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Why Suffer?

This is a question we ask ourselves a lot nowadays, isn’t it? After all, with modern medicine and technology, suffering is almost unnecessary (for lack of a better word). Why be uncomfortable? Why deny yourself anything?

Now, before I really get into this, let me clarify something. I’m not knocking modern medicine here. I’m not saying that advancements in the way we care for our health are not important and I’m not saying that they aren’t blessings for us. That is way beyond my point.

Here’s my point: With all of these comforts available to us, we’ve lost sight of the value of suffering. (And yes, suffering does indeed have a value.) We no longer approach suffering from the Christian perspective, as redemptive, we approach it from the world’s perspective, as an inconvenience, an obstacle to happiness. Do we avoid suffering like the plague?
When pain comes our way, do we offer that up to God for the Church or other souls, or do we immediately seek a way to end our suffering?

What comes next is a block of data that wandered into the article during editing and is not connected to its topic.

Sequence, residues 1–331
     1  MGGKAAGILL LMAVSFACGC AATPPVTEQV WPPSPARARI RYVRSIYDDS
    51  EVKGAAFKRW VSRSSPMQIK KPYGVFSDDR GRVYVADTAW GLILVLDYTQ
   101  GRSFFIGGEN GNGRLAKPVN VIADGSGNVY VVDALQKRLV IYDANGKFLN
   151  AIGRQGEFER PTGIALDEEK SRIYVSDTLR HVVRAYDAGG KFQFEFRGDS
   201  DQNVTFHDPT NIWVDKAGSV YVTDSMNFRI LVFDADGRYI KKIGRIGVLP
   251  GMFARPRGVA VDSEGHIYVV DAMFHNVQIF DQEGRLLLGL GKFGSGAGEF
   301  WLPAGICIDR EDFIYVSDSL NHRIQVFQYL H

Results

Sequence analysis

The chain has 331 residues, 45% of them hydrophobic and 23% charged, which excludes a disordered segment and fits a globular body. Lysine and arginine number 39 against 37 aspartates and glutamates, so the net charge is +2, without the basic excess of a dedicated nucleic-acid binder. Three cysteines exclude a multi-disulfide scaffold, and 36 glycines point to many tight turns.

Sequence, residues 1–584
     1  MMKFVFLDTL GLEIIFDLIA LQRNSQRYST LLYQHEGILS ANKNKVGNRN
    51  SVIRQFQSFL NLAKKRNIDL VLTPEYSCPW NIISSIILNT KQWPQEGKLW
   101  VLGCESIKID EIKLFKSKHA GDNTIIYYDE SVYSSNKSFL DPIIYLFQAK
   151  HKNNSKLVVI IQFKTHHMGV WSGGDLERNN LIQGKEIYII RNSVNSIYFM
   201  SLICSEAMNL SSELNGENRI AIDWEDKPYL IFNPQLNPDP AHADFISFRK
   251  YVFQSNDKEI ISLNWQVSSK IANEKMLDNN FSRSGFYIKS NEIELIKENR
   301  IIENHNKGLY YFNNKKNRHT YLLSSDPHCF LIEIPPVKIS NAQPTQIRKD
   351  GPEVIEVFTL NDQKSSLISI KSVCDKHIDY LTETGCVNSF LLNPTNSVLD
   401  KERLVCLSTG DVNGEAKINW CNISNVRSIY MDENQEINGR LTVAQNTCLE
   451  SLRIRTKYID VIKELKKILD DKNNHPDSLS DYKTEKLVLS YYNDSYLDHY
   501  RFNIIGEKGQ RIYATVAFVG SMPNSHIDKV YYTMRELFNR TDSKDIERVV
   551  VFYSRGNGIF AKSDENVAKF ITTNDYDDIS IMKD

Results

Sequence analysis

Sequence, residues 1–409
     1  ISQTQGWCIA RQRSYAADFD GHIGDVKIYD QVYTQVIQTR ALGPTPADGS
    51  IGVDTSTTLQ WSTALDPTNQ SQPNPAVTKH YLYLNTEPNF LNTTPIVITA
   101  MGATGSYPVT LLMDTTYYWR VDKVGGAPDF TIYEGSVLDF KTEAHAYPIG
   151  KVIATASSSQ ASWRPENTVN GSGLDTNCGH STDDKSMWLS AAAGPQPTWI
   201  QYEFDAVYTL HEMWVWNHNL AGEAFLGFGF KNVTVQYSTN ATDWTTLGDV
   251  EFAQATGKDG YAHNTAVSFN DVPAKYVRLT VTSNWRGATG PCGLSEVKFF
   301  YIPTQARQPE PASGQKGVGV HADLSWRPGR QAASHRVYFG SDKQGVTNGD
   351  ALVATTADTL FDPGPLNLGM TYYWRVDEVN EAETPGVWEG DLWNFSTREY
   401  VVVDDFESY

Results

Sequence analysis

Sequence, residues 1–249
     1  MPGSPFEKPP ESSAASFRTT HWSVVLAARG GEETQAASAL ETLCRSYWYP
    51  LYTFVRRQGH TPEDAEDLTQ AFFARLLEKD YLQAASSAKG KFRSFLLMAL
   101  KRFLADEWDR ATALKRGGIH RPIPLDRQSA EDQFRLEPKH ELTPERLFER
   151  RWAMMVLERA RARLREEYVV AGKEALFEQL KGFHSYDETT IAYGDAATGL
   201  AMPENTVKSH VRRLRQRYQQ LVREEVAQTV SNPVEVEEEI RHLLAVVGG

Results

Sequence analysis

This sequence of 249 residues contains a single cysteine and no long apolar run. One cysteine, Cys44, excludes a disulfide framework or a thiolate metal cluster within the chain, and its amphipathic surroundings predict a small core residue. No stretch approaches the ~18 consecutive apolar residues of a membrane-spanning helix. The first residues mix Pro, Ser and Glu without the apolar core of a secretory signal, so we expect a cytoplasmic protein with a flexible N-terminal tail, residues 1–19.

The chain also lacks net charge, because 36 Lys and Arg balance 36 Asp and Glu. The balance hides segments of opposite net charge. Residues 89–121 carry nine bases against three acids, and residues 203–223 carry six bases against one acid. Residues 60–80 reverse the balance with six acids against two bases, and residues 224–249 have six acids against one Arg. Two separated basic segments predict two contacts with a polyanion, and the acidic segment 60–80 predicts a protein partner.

But why does suffering have value in the eyes of a Christian? Because Our Lord suffered for us…because we are the value of suffering. The value of suffering can be the immortal souls of others. It is because Jesus suffered for us that we can be called the children of God. So how can we, as Christians, do anything other than embrace the crosses of suffering that will surely come during our lives?

So…why suffer? Because we know, through Jesus’ example, that suffering has value. We know that suffering doesn’t separate us from God; rather, it draws us closer to Him and makes us more like Jesus.

If God gives you an abundant harvest of trials, it is a sign of great holiness which He desires you to attain. Do you want to become a great saint? Ask God to send you many sufferings. The flame of Divine Love never rises higher than when fed with the wood of the Cross, which the infinite charity of the Savior used to finish His sacrifice. All the pleasures of the world are nothing compared with the sweetness found in the gall and vinegar offered to Jesus Christ. That is, hard and painful things endured for Jesus Christ and with Jesus Christ.
-Saint Ignatius of Loyola
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